Jo

DISPLAYING POSTS BY: Jo (9)

Jo

Jo works in the Immigration Discovery Centre helping people uncover family history. She loves that no two days in the Discovery Centre are the same, and that she can now identify a selection of random bugs!

Plague Soldier Beetles

Author
by Jo
Publish date
15 January 2012
Comments
Comments (148)

Your Question: What are these swarming beetles in my garden?

The Discovery Centre has received many enquiries over the last few weeks about swarms of beetles in suburban gardens in and around Melbourne; they are Plague Soldier Beetles, Chauliognathus lugubris.

Plague Soldier Beetles Plague Soldier Beetles
Image: Peter Saunders
Source: Peter Saunders
 

 

This flattened, elongated, soft-bodied beetle has a thin yellow-orange stripe across the back of the pronotum. It has metallic olive green elytra (hardened forewings), covering most of a yellow-orange abdomen. The legs, head, antennae and rest of the pronotum are black and the beetle is usually about 15mm in length. This native species has earned its common name of the Plague Soldier Beetle not as a result of bringing or spreading any dangerous plagues, rather due to its habit of forming huge mating swarms.

 

Plague Soldier Beetles Plague Soldier Beetles
Image: Peter Saunders
Source: Peter Saunders
 

 

The larvae of this species live in the soil and feed on soft bodied invertebrates, while the adults feed on pollen and nectar. The species is found across large parts of the country including urban areas and adults can be seen from spring through to autumn. During their mating periods they can appear in such large numbers that it is not uncommon for them to weigh down the limbs of weaker plants.

Their bright colour warns off predators as they are capable of releasing distasteful chemicals and would not make a good meal. For homeowners who may be hosting huge numbers of this colourful species, don't be too concerned, following the mating swarm the beetles tend to disperse.

 

Got a question? Ask us!

New location for Your Questions

Author
by Jo
Publish date
14 January 2012
Comments
Comments (0)

After four years, and hundreds of questions, the Discovery Centre's online Question of the Week and Your Questions articles are moving house to the MV Blog.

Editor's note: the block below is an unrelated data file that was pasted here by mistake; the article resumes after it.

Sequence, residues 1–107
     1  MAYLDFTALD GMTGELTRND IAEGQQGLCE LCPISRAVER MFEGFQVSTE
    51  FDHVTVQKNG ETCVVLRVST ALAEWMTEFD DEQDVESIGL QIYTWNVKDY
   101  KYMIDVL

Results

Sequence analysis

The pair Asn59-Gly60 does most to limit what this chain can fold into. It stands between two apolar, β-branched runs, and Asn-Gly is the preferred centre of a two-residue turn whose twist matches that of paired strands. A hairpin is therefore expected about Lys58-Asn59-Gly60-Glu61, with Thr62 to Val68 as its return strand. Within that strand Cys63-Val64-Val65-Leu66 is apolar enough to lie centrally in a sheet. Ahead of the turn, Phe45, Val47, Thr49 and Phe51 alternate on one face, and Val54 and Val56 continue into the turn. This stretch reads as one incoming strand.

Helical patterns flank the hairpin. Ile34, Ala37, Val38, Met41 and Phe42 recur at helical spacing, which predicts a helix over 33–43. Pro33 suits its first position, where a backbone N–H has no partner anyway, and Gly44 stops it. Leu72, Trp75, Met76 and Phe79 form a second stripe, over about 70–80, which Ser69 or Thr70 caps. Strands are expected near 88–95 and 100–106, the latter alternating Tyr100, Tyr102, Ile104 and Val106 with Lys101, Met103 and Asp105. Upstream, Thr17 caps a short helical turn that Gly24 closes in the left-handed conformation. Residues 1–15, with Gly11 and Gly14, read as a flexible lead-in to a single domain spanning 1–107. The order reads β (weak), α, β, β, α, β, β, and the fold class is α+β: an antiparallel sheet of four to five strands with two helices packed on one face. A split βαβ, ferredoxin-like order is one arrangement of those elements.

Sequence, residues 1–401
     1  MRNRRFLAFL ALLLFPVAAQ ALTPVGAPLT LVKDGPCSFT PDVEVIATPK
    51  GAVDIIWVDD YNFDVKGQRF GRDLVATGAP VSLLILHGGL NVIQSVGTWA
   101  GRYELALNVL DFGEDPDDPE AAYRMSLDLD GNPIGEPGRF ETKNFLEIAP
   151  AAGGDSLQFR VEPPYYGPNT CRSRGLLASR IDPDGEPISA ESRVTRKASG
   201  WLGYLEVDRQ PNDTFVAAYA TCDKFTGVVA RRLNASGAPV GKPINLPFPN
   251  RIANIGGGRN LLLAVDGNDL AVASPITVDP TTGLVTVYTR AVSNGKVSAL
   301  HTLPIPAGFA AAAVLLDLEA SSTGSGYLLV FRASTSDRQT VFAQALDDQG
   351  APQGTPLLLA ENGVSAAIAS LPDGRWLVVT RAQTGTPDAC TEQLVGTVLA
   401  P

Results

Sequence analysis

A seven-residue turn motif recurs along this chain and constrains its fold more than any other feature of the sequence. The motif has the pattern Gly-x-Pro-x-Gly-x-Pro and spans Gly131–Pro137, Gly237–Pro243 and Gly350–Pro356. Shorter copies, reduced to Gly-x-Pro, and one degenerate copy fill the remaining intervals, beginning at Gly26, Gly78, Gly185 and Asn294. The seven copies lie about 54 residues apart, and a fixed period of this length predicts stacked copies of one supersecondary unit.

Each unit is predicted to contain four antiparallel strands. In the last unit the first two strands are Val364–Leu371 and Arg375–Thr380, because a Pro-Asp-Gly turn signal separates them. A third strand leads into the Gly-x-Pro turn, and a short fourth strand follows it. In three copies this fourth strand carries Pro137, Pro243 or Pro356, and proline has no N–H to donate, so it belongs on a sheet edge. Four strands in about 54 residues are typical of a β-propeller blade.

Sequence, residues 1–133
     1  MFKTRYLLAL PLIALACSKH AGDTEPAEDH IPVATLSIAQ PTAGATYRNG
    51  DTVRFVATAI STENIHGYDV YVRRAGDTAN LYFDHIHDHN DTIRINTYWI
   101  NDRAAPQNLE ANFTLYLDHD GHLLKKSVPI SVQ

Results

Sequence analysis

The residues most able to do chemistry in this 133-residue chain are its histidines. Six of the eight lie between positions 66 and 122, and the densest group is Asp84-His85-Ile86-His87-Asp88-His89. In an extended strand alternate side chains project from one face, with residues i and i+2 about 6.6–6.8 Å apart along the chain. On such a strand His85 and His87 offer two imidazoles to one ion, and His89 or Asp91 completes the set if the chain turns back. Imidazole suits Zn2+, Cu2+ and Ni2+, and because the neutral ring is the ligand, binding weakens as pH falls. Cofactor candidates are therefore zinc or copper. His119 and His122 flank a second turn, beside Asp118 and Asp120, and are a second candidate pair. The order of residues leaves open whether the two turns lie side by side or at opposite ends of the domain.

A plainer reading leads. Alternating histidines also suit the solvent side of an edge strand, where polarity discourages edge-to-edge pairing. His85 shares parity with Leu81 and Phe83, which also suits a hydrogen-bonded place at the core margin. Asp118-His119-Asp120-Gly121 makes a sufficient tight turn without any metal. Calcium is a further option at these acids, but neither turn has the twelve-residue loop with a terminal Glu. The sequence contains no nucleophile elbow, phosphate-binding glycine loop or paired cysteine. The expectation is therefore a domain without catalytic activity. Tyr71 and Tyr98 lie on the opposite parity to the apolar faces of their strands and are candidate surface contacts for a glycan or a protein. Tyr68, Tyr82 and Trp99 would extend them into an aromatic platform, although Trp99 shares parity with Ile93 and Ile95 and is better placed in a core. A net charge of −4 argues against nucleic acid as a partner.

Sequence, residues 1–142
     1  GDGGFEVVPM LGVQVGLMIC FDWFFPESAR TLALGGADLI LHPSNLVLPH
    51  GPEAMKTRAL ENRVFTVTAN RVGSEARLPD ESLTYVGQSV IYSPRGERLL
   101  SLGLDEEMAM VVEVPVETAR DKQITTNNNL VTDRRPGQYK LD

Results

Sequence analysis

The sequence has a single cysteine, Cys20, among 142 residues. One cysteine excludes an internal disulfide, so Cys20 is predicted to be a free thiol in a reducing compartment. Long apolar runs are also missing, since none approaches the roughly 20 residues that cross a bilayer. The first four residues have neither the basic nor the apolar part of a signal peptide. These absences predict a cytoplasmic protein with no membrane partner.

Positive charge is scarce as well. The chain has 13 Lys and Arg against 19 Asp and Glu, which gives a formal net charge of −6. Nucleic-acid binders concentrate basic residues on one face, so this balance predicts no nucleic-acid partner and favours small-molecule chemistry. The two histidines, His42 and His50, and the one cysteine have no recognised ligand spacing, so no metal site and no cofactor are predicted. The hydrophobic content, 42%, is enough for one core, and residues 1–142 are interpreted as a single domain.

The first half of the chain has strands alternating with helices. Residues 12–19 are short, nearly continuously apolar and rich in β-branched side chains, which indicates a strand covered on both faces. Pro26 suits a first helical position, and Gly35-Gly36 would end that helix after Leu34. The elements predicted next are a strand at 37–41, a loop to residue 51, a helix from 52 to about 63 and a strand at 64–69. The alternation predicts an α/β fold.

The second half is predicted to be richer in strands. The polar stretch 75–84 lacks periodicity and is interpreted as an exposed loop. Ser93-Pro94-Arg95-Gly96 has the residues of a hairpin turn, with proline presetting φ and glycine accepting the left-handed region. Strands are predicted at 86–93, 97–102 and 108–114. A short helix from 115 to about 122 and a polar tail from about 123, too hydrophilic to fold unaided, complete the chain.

Horse heam moving a house Horse team moving a house from Creswick through Allendale, Victoria, circa 1909. (MM 001930)
Source: Museum Victoria
 

We will still be answering all of your curious and quirky questions, but you will now have the chance to get to know us a little better. The weekly blog posts by the folks of the Melbourne Museum and Immigration Museums Discovery Centres will appear as Your Questions here on the MV Blog. This is the place to go to read about interesting facts, see curious objects, and become the person everyone wants on their pub trivia team. Read all the weird and wonderful questions the museum staff are asked, and even better, find out the answers!

Links:

Melbourne Museum Discovery Centre Question of the Week archive

Immigration Discovery Centre Your Questions archive

Authentico Leggos

Author
by Jo
Publish date
8 February 2011
Comments
Comments (3)

Jo is one of the friendly staff at MV's Discovery Centres. Despite protestations that she does not blog, she couldn't resist writing about this recent coincidence...

Weekends in the Immigration Discovery Centre are normally filled with lots of folks looking for their names, or the names of ancestors, on the various websites we can easily access. But this weekend proved a little more interesting...

I was helping a lady who was here on holidays from Florida find some information about her long-lost ancestors whom she believed arrived at Melbourne in the 1870s. This in itself is not out of the ordinary, but the woman’s maiden name was: it was Leggo. She had heard that her ancestors had come to Australia and started a food business. I asked her if she had made it into a supermarket yet and wandered down the pasta aisle, since their little food business was considerably bigger than she realised. (Leggo's is now a major brand of pasta and sauces. According to the company history on the Leggo's website, Henry Leggo began selling his mother's bottled sauces and pickles to Bendigo goldminers in the 1880s).

While she and I were chatting about this, another woman came up to the desk and excused herself for interrupting. She asked if we were talking about the the name Leggo, because that that was her name, too – and yes, it was spelt the same. She was on holidays from Cornwall in the United Kingdom. The two women exchanged the details of their respective family history as they each knew it and it seems that they are distantly related. They have since exchanged email addresses and will say in contact when they return home to Florida and Cornwall.

Elizabeth and Joyce Joyce Taylor (left) and Elizabeth Leggo in the Immigration Discovery Centre.
Source: Museum Victoria
 

Links:

Immigration Discovery Centre

Researching Italian Migration

About this blog

Updates on what's happening at Melbourne Museum, the Immigration Museum, Scienceworks, the Royal Exhibition Building, and beyond.

Categories